Pet Insurance Australia is urging all Australians to be snake cautious over the next month few months to avoid serious pet injuries.

“It’s hot, it’s dry and many areas around Australia are noting the increase in snake activity,” Nadia Crighton from Pet Insurance Australia says. “To your pet, these slithering creatures look like lots of fun to play with, that can ultimately spell disaster for your beloved pet.”

PetSure, the administrator for more than 80% of the companion pet insurance policies in Australia, has also noted an increase in yearly claims of approximately 200 cases from 2016 to 2017.

“Snakes are becoming an increasing problem for pets across Australia,” Nadia Crighton from Pet Insurance Australia says. “In the single month of January, we have seen an increase of around 40% nationwide in claims related to snake bite injuries.”

“You also need to take into account the extra sign-up of policies during this time frame, however, it is a clear indication that Australia wide this is becoming an increasing problem as the numbers just keep climbing,” Crighton says.

Tips to prevent snake bite

If you notice snake activity in or around your home, call in the experts and have the snake removed as quickly as possible. Other ideas to help keep your home snake free include;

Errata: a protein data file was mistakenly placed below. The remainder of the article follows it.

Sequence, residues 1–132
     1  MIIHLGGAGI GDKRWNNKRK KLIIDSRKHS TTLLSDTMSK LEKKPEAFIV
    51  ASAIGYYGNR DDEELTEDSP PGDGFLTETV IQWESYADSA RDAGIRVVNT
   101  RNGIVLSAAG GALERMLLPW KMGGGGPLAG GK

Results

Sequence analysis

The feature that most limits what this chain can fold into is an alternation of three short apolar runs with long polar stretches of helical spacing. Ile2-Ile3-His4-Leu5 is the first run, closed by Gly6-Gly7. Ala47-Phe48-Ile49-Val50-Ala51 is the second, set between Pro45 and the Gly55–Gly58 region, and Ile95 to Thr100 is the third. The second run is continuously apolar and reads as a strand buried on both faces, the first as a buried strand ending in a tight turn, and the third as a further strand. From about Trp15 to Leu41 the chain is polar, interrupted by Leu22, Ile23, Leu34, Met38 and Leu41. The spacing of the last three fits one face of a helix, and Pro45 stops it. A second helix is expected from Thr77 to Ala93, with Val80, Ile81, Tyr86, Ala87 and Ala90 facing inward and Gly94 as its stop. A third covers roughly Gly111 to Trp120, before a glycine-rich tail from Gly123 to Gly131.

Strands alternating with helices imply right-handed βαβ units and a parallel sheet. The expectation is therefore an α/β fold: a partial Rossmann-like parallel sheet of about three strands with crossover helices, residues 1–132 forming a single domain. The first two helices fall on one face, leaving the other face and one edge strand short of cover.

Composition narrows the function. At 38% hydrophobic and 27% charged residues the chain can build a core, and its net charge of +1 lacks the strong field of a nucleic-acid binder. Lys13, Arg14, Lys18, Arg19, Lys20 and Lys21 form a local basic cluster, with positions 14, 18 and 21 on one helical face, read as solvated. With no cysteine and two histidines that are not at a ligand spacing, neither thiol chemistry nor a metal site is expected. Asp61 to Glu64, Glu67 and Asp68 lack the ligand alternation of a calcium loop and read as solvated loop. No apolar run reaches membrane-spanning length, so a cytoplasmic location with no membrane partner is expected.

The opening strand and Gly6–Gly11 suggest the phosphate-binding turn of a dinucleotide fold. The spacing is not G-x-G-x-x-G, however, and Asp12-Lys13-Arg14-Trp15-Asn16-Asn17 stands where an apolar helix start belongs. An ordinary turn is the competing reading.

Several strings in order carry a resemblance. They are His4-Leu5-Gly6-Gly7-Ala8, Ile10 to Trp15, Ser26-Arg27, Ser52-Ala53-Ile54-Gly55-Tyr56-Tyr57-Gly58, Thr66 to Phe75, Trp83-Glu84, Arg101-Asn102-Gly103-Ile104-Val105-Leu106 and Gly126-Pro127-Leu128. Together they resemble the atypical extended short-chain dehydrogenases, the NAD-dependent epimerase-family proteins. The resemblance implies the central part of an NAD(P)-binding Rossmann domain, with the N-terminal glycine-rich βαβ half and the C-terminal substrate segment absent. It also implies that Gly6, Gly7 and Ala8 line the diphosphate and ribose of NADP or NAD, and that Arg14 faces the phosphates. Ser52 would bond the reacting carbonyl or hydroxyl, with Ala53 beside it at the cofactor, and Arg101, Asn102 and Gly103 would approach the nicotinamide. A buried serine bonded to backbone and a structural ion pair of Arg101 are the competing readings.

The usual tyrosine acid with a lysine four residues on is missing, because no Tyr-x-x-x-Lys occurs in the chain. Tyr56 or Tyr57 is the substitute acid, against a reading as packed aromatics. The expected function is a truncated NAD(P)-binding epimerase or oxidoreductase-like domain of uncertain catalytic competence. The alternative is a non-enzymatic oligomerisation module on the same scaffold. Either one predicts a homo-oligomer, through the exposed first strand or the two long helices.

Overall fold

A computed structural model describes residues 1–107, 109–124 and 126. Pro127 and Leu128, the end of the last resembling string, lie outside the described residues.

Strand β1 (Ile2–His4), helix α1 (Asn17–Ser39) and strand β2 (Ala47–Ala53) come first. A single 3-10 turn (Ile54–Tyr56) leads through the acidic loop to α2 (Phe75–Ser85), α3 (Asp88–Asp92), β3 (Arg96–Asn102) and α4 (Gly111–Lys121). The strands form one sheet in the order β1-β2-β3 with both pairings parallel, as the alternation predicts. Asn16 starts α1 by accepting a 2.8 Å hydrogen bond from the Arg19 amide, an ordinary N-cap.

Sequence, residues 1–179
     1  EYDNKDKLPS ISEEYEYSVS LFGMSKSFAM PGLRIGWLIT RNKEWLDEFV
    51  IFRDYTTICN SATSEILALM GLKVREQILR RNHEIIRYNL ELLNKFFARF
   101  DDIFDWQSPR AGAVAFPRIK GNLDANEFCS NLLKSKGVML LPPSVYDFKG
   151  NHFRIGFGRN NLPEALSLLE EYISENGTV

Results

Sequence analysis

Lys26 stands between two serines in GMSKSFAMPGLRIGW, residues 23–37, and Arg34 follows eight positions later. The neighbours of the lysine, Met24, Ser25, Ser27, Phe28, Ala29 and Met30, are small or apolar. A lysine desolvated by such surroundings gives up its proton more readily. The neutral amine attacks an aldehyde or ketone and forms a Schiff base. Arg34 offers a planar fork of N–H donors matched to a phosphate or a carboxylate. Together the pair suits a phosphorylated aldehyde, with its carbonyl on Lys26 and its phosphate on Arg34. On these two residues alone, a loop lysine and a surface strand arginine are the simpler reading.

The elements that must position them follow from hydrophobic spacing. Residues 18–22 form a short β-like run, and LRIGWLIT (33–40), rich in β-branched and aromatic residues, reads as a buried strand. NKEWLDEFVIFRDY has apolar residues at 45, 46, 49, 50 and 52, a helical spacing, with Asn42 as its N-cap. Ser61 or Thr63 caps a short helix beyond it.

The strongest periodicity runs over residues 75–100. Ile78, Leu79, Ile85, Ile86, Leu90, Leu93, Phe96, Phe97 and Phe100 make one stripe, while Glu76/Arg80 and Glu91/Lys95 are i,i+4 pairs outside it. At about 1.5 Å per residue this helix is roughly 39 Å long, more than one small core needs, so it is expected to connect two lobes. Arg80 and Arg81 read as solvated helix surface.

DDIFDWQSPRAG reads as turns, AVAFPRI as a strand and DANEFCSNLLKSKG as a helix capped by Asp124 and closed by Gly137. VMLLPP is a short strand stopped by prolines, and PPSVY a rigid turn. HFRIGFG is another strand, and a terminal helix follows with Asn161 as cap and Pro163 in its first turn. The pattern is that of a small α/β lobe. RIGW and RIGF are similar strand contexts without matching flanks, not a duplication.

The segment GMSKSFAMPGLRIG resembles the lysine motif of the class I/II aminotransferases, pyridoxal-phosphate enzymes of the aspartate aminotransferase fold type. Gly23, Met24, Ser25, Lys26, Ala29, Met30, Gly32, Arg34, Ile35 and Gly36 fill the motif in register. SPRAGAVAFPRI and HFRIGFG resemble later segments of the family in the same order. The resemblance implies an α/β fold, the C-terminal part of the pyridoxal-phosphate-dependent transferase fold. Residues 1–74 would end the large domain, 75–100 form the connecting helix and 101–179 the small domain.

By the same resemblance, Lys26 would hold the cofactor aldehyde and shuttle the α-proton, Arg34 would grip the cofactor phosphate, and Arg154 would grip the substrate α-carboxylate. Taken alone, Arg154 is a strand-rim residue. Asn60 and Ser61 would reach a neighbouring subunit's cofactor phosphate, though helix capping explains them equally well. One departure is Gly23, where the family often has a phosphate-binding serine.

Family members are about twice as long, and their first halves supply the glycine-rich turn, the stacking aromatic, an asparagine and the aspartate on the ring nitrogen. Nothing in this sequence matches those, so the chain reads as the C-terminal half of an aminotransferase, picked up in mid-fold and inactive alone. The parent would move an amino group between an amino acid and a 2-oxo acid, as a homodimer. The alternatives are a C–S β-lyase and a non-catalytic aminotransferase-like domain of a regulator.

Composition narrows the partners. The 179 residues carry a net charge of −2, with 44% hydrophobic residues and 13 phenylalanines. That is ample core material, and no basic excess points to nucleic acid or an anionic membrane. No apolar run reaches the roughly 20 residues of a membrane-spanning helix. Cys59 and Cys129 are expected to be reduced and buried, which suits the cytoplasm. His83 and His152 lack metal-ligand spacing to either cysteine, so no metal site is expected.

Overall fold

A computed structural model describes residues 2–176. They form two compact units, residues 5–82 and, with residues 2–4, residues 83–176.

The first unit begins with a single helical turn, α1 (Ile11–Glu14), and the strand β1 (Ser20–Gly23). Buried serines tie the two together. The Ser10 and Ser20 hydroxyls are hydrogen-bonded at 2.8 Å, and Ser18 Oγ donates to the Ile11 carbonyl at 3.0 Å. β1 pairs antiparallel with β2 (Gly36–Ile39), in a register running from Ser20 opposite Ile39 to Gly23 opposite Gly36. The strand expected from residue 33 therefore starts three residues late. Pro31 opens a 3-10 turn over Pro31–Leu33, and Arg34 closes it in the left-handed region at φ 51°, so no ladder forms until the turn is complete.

• Empty water features
  • Remove log piles
  • Keep grass short
  • Remove rubbish and debris from around the home
  • Speak to a professional dog trainer about training your dog to leave snakes alone
  • Check for snakes and skins around the home
  • Keep dog areas free from ‘hiding’ areas
  • Do not let your dog off leash in high-risk areas
  • Consider keeping cats indoors during high-risk months

“We see a large increase in claims from the months of September to March,” Nadia Crighton says. “During this time, we urge pet owners to take care in regard to snakes.”

“If you do suspect you have a snake on your property, call in the experts. They can help you track down the snake and will also provide you with ample information to keep your pet safe,” Crighton says. “They will also know if you have a snake problem in your area and other things to be aware of.”

Bitten? If your pet is bitten by a snake, or you suspect they have been bitten, take them quickly to your local veterinary emergency hospital. It is imperative you seek vet treatment promptly to avoid complications.

“It’s also a good idea to watch your pet’s behaviour,” Crighton advises. “If they are jumping and yapping at something in the yard or when off leash; go and check it out, it could possibly be a snake.”

More about the signs of snake bites in cats and dogs to watch out for.